Proper socialization is based on introducing your puppy correctly to the world around them. Starting from the 16th week of life, your puppy learns the feeling of fear. If during this time, they experience severe stress or pain, they may become overly anxious in the future. Everything your puppy learns at this age will be a natural part of the world around them. However, what we don’t show them, can make them scared in the future. If you don’t socialize your pooch properly, or if you don’t socialize them at all, your puppy will be afraid of many things, people and situations. In this article, we will talk in detail about a fearful dog and how to help them overcome their fear.
Despite proper dog socialization, something can happen that frightens the dog so much that they become afraid of it. Quite a radical example of this is a dog that has never been afraid of people but has been hurt by a human and since then expresses fear in contact with people. There may also be other reasons, unexpected situations, accidents that will make the dog fearful.
If our dog demonstrates a fear of animals or people, we often automatically start to avoid the sources of this fear and don’t confront the trigger. We walk our dogs in remote places, we avoid other pets. Avoiding the confrontation is not a solution and with less exposure to the trigger, it may worsen and deepen the fear.
Instead of avoiding the trigger, it’s important to gradually expose your dog to the source of their fear in a controlled and positive manner. One effective method is to use desensitization training, which involves gradually exposing your dog to the source of their fear while rewarding them for calm and relaxed behavior. This can be done by gradually increasing the proximity to the trigger and offering treats and positive reinforcement when your dog remains calm.
If our dog is afraid of other people, do not let them pet your pup, and best ignore the dog, allowing the puppy to decide if and when to approach. Unsolicited interactions could only reinforce the fear in your dog. Additionally, always make sure that your dog can escape the interactions and can hide or retreat from people. Otherwise, as a defense mechanism, your dog might express aggression from fear, biting the person. We suggest tying a yellow ribbon to your dog’s collar or leash. “The Yellow Dog Project” is getting more and more popular and is a signal for strangers not to approach the dog as they need more space. Alternatively, there are collars and vestsfor dogs that help people understand the meaning of the yellow color.
When a dog is afraid of people and other animals, start positive reinforcement training with Dogo as soon as possible. On walks always carry treats with you. In the beginning, reward your dog for calm behaviour as often as possible. Play with them or train tricks when there are other people or dogs nearby. Adjust the distance to your dog’s abilities to make your pup feel comfortable. If your puppy is relaxed and focuses on you, rather than peaking at the strangers – gradually decrease the distance. Always observe and react to your dog’s body language.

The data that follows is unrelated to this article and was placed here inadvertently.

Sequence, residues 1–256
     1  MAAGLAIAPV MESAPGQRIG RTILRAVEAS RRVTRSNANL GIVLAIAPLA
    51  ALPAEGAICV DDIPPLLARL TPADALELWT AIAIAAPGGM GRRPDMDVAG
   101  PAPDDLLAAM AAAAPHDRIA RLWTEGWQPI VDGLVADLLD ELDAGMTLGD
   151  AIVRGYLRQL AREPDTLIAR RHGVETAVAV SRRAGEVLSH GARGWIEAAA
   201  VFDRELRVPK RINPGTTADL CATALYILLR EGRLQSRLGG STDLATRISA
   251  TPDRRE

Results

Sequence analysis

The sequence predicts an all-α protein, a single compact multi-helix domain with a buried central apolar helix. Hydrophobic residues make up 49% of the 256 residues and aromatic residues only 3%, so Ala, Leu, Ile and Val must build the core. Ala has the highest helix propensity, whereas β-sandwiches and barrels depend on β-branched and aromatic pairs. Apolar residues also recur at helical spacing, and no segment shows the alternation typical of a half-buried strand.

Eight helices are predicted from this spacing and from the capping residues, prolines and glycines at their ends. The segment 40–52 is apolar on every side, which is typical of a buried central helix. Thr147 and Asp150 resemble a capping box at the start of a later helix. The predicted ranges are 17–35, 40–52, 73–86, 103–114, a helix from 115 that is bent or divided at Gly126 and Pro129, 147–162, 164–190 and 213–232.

With time, train closer and closer to others. Offer a treat also when they are quietly passing another dog or person. Additionally, you can ask your friend to help you with the exercise and just walk past you when you’re training. After some time your dog will understand that people are not a threat.
To get your dog used to other dogs you can use the parallel walks – we wrote about it here. Over time, you can increase the level of difficulty – try training in a busier, noisier environment with more people, dogs, next to a dog park, in the metro station, next to a kindergarten, etc. Just remember not to push your dog too fast and expect too much as it is very easy to lose the results.
Another effective technique for helping a fearful dog is counter-conditioning, which involves pairing the source of their fear with something positive, such as a treat or a toy. For example, if your dog is afraid of other dogs, you can give them a treat every time they see another dog. Over time, your dog will learn to associate the presence of other dogs with positive experiences, which can help reduce their fear. It’s important to note that counter-conditioning should only be done in a controlled and safe environment, and with the guidance of a professional dog trainer if necessary.
A fearful dog often struggles with low self-esteem. You can work on it by training new commands and tricks because every success of your dog will boost their confidence. As a result, it will make your dog happier!
Various kinds of scent games will also be useful in working on your dog’s self-confidence. If you need inspiration, check out the Dogo App and the games section! Sniffing is a good distraction for your dog from other triggers, it is a good mental exercise that also calms dogs down. Besides, finding treats means success for your dog and a better mood.
Enthusiastic praise helps to strengthen the bond, boost your dog’s confidence and your dog will truly enjoy spending time with you.